If you look carefully at this photo you can see the small bubbles at the top of the brine. This is a sign that the fermenting has begun.
As I watch it fermenting each day, the sliced radish in the jar is turning the brine a nice coloured pink, and the fresh dill leaves add a green feathery dimension, so besides the good bacteria doing its stuff, the contents are also starting to look quite attractive. I bottled these jars on the 21st September, and they are ready for tasting after a couple of days. I have just tasted a vege sample from each bottle and they taste tangy, whilst still quite crisp, and the liquid has been a bit fizzy so I am refrigerating them to eat at a later date. The ferment is really active for the first 3 days and this type of fermenting with more liquid and a variety of vegetables seems to work much faster than the standard sauerkraut does, particularly in the warmer weather.
This recipe makes a 1 Litre Jar
Wash and prepare 3 cups of chopped or sliced seasonal vegetables (radishes, cauliflower, broccoli, zucchini, beans, capsicum), and beetroot can be used but be prepared for a red ferment with a stronger and more earthy flavour. Green spring onions and red onion will add some tang. As you can see from the photo, this time I used Cauliflower, Broccoli, Gold Zucchini, Radishes, and firm cabbage leaves as the weight to keep the vegetables covered with brine.
Select a mixed teaspoon of herbs and spices that you like, such as dill seeds, fennel seeds, coriander or caraway seeds and add those to the base of your sterilised jar. If you like some heat, add some chilli flakes and black or white peppercorns. I also added some fresh Dill fronds as I have Dill growing but it won't last long in our garden once Summer strikes.
Add the chopped and sliced vegetables to your jar in attractive layers, and leave a 4 cm gap at the top of the jar.
I then added the brine so that the vegetables will ferment. To fill a 1 Litre jar, mix 2 cups of distilled water with 1 tablespoon of Himalayan rock salt and pour into your 1 litre jar, leaving 3 cm clear of the rim of your jar for any bubbling and effervescing that will occur.
As I have done in previous fermenting sessions, I add a couple of firm cabbage leaves to the top of the vegetables which fits snugly into the jar and weighs down the vegetables keeping them submerged which is essential for the success of the ferment. You can also use some kind of weight such as a cabbage stalk cut to size, or a small bottle, or a clean smooth stone, which fits inside the bottle rim. The vegetables must remain submerged below the brine. The vegetables need to be pushed down firmly in the bottle as they will also release some liquid and reduce in size creating more space in the bottle.
Leave the lid on the jar loose, stand it in a breakfast bowl and cover with a cloth, and wait for the magic to happen. I also use a tamper each morning to submerge the vegetables just to ensure they remain covered. If you can find a small Moccona jar they work really well for fermenting. Thanks to Chel from Going Grey and Slightly Green for that tip. I also found some large Moccona jars at the Mackay City Council Recycling Depot when I went there with Mr. HRK on one of his "treasure hunts", which have been useful for fermenting Sauerkraut. Cover the jar with a tea towel and leave at room temperature for 2-7 days, depending on the temperature where you live.The colder it is, the longer it will take.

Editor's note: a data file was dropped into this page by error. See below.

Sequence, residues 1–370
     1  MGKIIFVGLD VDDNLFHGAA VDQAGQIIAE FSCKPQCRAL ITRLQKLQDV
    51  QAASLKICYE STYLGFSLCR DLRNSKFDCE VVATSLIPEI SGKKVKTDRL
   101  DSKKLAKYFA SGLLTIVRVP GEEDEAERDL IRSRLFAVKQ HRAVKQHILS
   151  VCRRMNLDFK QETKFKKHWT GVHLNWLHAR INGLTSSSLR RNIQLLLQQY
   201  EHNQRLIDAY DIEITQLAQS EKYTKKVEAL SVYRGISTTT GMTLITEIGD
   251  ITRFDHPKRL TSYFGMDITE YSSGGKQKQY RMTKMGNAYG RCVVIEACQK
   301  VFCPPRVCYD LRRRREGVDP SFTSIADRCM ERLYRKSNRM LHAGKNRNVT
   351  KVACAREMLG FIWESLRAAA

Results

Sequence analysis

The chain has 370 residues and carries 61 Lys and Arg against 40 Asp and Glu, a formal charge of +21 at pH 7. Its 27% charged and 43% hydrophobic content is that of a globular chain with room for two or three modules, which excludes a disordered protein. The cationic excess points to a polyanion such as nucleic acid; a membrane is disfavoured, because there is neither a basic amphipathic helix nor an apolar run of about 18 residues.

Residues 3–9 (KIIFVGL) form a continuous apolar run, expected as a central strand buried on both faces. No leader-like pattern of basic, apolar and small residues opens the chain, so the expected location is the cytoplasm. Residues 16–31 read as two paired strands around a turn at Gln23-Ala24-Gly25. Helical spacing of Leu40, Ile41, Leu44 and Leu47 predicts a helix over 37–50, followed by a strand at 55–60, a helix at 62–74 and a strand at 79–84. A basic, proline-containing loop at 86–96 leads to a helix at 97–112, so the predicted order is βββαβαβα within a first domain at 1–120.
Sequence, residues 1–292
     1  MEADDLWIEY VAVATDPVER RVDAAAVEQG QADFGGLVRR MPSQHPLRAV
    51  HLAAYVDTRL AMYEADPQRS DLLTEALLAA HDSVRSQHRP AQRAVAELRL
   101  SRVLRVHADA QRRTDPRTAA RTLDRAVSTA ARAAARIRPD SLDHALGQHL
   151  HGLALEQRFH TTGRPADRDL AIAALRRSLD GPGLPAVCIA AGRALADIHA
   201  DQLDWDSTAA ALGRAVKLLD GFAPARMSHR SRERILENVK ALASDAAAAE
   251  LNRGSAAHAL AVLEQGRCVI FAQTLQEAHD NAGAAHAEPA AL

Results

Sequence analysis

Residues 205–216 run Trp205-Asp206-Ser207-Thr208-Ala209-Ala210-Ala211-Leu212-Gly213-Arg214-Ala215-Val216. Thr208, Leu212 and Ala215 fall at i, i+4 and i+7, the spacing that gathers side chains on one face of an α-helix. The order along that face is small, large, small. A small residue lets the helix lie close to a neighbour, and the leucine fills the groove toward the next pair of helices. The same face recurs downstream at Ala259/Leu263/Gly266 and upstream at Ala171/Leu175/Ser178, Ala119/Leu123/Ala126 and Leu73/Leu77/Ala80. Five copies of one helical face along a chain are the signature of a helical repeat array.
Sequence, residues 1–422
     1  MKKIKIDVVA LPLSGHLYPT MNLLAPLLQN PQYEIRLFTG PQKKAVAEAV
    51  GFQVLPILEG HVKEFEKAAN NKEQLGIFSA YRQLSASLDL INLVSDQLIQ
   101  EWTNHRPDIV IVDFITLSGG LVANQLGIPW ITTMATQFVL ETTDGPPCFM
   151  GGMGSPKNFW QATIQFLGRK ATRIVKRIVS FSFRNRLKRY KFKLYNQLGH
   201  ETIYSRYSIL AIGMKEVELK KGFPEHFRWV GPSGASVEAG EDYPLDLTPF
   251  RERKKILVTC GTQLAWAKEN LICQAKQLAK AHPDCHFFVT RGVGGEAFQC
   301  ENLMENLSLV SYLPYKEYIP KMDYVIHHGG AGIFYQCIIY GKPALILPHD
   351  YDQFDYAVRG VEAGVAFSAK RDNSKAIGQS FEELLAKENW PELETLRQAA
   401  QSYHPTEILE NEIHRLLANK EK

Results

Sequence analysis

Sarah Wilson in her interesting book Simplicious where I first saw the layered ferment idea, suggests using fermented vegetables as you would a gherkin, diced and added to mayonnaise to make a tartare, or to a salsa for an extra tang and vegetable. Sounds delicious to me.
Are you are a fermentista? If so I would love to hear about what you are doing in the comments section at the end of the story?
Best wishes and thanks for visiting.
Pauline, I have a couple of bottles of veggies in the fridge that have fermented and I had better check on them as they tend to be pushed to the back of the fridge. Your bottles of veggies look so very colourful. Well done!ReplyDelete
Thanks Chel. I am hoping that all of my various sauerkraut bottles will last a long time in the frig, at least through Summer.Delete
I suppose i am a fermentista, although I dont have anything going at the moment. I keep meaning to make some more sauerkraut since I finished my last batch. I have been enjoying making kombucha. This looks like a nice idea - I think I might have to try it.ReplyDelete
I hope to give Kombucha a go one day. I just need to get a "Mother" bug, not sure if that is what it's called. Thanks african aussie.Delete
I always have my home-made sauerkraut in the fridge. And keep my Kefir grains growing. I like the layered veggie idea, and I'll be giving it a go. The Spring weather is getting really hot here in Brisbane, shouldn't take the ferment long at all.ReplyDelete
Thanks Jean. I must look into the whole Kefir grains idea. We lived in Brisbane for two years many moons ago and I loved it.Good luck with your layered veggies.Delete
I would love to try this. Thank you Pauline.ReplyDelete
Thanks Nil. I'm sure you will enjoy your Layered Veges.Delete